2. It’s very wasteful of space. In most texts, the majority of the code points are less than 127, or less than 255, so a lot of space is occupied by zero bytes. The above string takes 24 bytes compared to the 6 bytes needed for an ASCII representation. Increased RAM usage doesn’t matter too much (desktop computers have megabytes of RAM, and strings aren’t usually that large), but expanding our usage of disk and network bandwidth by a factor of 4 is intolerable.
  3. It’s not compatible with existing C functions such as strlen(), so a new family of wide string functions would need to be used.
  4. Many Internet standards are defined in terms of textual data, and can’t handle content with embedded zero bytes.

Generally people don’t use this encoding, instead choosing other encodings that are more efficient and convenient. UTF-8 is probably the most commonly supported encoding; it will be discussed below.

Encodings don’t have to handle every possible Unicode character, and most encodings don’t. For example, Python’s default encoding is the ‘ascii’ encoding. The rules for converting a Unicode string into the ASCII encoding are simple; for each code point:

  1. If the code point is < 128, each byte is the same as the value of the code point.
  2. If the code point is 128 or greater, the Unicode string can’t be represented in this encoding. (Python raises a UnicodeEncodeError exception in this case.)

Latin-1, also known as ISO-8859-1, is a similar encoding. Unicode code points 0-255 are identical to the Latin-1 values, so converting to this encoding simply requires converting code points to byte values; if a code point larger than 255 is encountered, the string can’t be encoded into Latin-1.

Encodings don’t have to be simple one-to-one mappings like Latin-1. Consider IBM’s EBCDIC, which was used on IBM mainframes. Letter values weren’t in one block: ‘a’ through ‘i’ had values from 129 to 137, but ‘j’ through ‘r’ were 145 through 153. If you wanted to use EBCDIC as an encoding, you’d probably use some sort of lookup table to perform the conversion, but this is largely an internal detail.

UTF-8 is one of the most commonly used encodings. UTF stands for “Unicode Transformation Format”, and the ‘8’ means that 8-bit numbers are used in the encoding. (There’s also a UTF-16 encoding, but it’s less frequently used than UTF-8.) UTF-8 uses the following rules:

  1. If the code point is <128, it’s represented by the corresponding byte value.
  2. If the code point is between 128 and 0x7ff, it’s turned into two byte values between 128 and 255.
  3. Code points >0x7ff are turned into three- or four-byte sequences, where each byte of the sequence is between 128 and 255.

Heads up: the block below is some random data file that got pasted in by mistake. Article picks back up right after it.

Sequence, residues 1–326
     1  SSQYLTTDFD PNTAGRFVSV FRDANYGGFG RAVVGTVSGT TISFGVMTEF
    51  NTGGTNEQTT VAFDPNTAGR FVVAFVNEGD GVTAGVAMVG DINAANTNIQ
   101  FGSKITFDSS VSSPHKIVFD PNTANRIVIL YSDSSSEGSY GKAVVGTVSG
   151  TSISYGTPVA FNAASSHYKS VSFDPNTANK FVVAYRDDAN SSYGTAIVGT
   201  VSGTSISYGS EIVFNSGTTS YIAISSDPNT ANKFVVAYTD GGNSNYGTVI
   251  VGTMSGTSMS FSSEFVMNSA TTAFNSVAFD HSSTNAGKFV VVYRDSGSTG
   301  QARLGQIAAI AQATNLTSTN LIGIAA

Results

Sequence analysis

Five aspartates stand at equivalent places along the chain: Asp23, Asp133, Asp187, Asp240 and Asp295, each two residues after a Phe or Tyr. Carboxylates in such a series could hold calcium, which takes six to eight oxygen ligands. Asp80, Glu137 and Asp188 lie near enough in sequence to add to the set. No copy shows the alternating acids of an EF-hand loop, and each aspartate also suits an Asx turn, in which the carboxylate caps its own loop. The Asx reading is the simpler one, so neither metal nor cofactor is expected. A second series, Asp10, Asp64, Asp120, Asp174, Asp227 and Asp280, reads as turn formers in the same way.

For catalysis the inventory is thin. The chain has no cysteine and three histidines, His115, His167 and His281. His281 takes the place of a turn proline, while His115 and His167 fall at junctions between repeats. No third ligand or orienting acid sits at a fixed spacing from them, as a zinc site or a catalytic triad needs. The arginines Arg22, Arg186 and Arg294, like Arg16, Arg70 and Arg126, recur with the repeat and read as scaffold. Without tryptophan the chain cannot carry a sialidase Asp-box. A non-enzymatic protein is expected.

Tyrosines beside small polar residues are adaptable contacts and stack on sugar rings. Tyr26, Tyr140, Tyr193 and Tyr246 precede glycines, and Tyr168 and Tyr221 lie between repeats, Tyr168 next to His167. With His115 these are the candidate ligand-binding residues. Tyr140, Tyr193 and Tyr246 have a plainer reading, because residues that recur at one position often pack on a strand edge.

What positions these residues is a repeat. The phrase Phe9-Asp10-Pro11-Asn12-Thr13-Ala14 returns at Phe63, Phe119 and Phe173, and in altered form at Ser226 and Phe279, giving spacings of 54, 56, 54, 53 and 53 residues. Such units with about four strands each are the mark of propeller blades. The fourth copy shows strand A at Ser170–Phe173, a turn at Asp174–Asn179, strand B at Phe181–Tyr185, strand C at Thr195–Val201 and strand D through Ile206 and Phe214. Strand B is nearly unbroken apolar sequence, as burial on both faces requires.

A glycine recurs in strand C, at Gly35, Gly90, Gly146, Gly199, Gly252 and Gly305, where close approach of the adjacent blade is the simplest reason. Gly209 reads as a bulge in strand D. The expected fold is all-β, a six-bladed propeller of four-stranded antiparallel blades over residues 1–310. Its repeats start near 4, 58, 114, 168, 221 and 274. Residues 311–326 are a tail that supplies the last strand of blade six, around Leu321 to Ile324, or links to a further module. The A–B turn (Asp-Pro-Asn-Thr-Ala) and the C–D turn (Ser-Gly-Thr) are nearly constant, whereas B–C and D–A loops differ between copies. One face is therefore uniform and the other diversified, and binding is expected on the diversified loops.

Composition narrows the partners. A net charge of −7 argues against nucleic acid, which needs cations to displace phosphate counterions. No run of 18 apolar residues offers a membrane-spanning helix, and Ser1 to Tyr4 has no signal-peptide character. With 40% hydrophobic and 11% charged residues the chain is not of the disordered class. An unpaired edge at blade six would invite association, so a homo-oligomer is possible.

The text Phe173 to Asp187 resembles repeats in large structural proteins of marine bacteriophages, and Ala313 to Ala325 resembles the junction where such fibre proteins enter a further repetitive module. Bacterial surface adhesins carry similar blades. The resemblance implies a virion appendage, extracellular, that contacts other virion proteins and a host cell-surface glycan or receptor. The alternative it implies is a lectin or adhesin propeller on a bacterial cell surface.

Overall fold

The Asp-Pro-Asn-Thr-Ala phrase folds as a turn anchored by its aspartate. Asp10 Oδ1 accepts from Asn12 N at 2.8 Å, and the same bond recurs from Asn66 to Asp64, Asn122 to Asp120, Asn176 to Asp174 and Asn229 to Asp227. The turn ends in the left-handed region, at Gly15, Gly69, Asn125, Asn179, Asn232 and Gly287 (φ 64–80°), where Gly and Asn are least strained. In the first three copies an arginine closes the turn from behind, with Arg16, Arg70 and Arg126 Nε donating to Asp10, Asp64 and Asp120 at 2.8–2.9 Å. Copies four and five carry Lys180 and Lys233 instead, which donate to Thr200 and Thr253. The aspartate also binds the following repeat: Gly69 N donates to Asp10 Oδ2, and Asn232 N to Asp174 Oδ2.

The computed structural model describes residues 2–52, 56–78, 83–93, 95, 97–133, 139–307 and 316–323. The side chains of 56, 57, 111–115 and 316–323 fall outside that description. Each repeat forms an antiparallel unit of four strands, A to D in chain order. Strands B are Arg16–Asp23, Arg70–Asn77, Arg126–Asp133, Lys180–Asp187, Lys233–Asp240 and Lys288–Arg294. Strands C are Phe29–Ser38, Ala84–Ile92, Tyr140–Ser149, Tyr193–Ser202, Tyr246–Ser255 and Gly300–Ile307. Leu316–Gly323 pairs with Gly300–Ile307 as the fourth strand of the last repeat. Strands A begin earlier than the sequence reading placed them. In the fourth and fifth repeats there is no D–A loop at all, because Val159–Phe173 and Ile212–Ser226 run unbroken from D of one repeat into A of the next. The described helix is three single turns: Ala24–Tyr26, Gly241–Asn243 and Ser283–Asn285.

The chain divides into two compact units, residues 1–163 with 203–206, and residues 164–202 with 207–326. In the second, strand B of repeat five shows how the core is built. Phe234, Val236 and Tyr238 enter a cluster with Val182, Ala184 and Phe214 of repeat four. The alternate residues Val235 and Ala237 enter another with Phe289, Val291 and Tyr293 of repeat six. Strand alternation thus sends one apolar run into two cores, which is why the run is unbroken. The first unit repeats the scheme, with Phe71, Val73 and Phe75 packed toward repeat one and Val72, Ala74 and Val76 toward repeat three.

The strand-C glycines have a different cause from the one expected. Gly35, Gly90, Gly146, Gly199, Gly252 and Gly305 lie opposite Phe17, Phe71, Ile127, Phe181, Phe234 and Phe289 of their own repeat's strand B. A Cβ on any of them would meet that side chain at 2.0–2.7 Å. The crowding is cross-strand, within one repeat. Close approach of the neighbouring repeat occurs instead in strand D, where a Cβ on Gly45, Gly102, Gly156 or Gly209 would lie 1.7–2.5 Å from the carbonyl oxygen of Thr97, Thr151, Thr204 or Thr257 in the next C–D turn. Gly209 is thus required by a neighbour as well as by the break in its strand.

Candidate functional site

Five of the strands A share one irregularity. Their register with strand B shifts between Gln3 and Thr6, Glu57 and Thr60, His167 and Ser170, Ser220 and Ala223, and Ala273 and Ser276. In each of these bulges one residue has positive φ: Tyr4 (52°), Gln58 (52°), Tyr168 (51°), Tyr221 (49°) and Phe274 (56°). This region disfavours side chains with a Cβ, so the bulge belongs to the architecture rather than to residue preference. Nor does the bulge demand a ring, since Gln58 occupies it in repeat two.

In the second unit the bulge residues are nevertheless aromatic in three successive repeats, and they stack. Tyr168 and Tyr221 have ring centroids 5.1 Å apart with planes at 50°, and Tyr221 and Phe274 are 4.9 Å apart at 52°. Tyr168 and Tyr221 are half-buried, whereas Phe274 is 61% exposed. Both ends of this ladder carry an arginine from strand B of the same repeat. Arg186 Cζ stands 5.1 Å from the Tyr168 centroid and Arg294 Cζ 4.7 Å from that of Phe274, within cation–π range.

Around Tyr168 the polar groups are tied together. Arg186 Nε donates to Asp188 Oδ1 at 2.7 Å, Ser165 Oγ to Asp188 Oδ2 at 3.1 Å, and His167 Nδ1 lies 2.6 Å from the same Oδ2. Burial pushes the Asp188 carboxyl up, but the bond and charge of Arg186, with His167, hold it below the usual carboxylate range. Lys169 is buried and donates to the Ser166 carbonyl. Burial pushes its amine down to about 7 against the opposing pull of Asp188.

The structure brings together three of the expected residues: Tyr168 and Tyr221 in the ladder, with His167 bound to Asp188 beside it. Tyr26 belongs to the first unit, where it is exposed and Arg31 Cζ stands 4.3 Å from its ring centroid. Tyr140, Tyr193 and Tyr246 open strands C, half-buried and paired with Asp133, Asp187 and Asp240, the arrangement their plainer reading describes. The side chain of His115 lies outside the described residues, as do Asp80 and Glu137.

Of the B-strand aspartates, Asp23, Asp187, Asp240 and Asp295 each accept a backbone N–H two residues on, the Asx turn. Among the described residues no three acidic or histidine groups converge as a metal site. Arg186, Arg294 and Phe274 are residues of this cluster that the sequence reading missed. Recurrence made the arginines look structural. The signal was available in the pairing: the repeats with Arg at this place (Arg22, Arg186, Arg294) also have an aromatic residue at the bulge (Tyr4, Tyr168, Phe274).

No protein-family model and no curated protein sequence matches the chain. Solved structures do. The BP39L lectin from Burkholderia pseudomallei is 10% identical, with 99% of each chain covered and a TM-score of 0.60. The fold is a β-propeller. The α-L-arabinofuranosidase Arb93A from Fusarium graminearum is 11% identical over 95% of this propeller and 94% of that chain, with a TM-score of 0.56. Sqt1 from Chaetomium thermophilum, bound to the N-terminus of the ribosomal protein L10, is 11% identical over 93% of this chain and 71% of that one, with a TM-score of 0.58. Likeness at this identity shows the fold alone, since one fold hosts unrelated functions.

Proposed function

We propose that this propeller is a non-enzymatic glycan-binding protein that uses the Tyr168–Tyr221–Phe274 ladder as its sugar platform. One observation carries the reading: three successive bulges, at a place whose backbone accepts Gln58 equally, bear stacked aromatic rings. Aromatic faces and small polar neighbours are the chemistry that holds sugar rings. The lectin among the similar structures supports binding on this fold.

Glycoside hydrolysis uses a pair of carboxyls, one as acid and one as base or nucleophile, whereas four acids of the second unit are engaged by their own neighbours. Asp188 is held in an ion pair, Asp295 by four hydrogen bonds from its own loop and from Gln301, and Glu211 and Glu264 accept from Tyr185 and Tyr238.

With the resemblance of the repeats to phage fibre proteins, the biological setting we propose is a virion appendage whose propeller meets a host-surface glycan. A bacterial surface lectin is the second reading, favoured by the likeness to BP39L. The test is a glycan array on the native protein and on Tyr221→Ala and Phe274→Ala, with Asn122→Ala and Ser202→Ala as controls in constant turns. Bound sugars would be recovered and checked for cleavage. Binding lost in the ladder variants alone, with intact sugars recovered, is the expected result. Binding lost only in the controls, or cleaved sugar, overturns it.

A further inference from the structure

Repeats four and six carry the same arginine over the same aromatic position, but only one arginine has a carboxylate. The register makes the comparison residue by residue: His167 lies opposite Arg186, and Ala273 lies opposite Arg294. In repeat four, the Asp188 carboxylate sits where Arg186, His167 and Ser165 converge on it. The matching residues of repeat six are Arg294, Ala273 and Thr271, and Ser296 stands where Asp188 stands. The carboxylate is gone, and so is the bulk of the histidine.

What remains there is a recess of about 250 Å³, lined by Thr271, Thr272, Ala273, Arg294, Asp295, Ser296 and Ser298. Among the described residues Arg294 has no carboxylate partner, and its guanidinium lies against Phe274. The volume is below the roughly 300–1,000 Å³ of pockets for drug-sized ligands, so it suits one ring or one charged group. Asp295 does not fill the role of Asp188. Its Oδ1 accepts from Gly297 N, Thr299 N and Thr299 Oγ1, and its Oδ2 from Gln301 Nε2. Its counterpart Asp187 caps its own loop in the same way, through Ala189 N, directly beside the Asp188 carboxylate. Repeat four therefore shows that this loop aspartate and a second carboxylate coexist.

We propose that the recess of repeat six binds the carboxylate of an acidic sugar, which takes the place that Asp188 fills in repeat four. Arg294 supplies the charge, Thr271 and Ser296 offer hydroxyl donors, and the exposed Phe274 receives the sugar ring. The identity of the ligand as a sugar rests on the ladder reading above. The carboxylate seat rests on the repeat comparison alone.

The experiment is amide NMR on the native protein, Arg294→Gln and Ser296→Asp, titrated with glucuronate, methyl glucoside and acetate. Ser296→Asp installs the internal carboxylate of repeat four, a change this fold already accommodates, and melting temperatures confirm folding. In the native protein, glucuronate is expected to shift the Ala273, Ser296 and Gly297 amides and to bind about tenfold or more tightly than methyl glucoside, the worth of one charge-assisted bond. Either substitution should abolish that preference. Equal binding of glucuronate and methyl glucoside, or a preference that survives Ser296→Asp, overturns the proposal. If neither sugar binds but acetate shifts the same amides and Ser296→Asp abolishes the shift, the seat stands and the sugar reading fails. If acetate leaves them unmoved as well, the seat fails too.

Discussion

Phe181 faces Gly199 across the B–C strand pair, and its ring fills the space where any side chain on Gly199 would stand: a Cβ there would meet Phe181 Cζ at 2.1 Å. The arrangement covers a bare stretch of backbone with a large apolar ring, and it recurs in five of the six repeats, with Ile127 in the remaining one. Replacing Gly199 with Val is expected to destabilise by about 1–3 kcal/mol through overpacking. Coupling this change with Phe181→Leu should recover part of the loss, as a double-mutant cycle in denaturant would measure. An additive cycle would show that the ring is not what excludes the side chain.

UTF-8 has several convenient properties:

  1. It can handle any Unicode code point.
  2. A Unicode string is turned into a string of bytes containing no embedded zero bytes. This avoids byte-ordering issues, and means UTF-8 strings can be processed by C functions such as strcpy() and sent through protocols that can’t handle zero bytes.
  3. A string of ASCII text is also valid UTF-8 text.
  4. UTF-8 is fairly compact; the majority of code points are turned into two bytes, and values less than 128 occupy only a single byte.
  5. If bytes are corrupted or lost, it’s possible to determine the start of the next UTF-8-encoded code point and resynchronize. It’s also unlikely that random 8-bit data will look like valid UTF-8.


The Unicode Consortium site at <http://www.unicode.org> has character charts, a glossary, and PDF versions of the Unicode specification. Be prepared for some difficult reading. <http://www.unicode.org/history/> is a chronology of the origin and development of Unicode.

To help understand the standard, Jukka Korpela has written an introductory guide to reading the Unicode character tables, available at <http://www.cs.tut.fi/~jkorpela/unicode/guide.html>.

Another good introductory article was written by Joel Spolsky <http://www.joelonsoftware.com/articles/Unicode.html>. If this introduction didn’t make things clear to you, you should try reading this alternate article before continuing.

Wikipedia entries are often helpful; see the entries for “character encoding” <http://en.wikipedia.org/wiki/Character_encoding> and UTF-8 <http://en.wikipedia.org/wiki/UTF-8>, for example.

Python 2.x’s Unicode Support

Now that you’ve learned the rudiments of Unicode, we can look at Python’s Unicode features.

The Unicode Type

Unicode strings are expressed as instances of the unicode type, one of Python’s repertoire of built-in types. It derives from an abstract type called basestring, which is also an ancestor of the str type; you can therefore check if a value is a string type with isinstance(value, basestring). Under the hood, Python represents Unicode strings as either 16- or 32-bit integers, depending on how the Python interpreter was compiled.

The unicode() constructor has the signature unicode(string[, encoding, errors]). All of its arguments should be 8-bit strings. The first argument is converted to Unicode using the specified encoding; if you leave off the encoding argument, the ASCII encoding is used for the conversion, so characters greater than 127 will be treated as errors:

>>> unicode('abcdef')
>>> s = unicode('abcdef')
>>> type(s)
<type 'unicode'>
>>> unicode('abcdef' + chr(255))    
Traceback (most recent call last):
UnicodeDecodeError: 'ascii' codec can't decode byte 0xff in position 6:
ordinal not in range(128)

The errors argument specifies the response when the input string can’t be converted according to the encoding’s rules. Legal values for this argument are ‘strict’ (raise a UnicodeDecodeError exception), ‘replace’ (add U+FFFD, ‘REPLACEMENT CHARACTER’), or ‘ignore’ (just leave the character out of the Unicode result). The following examples show the differences: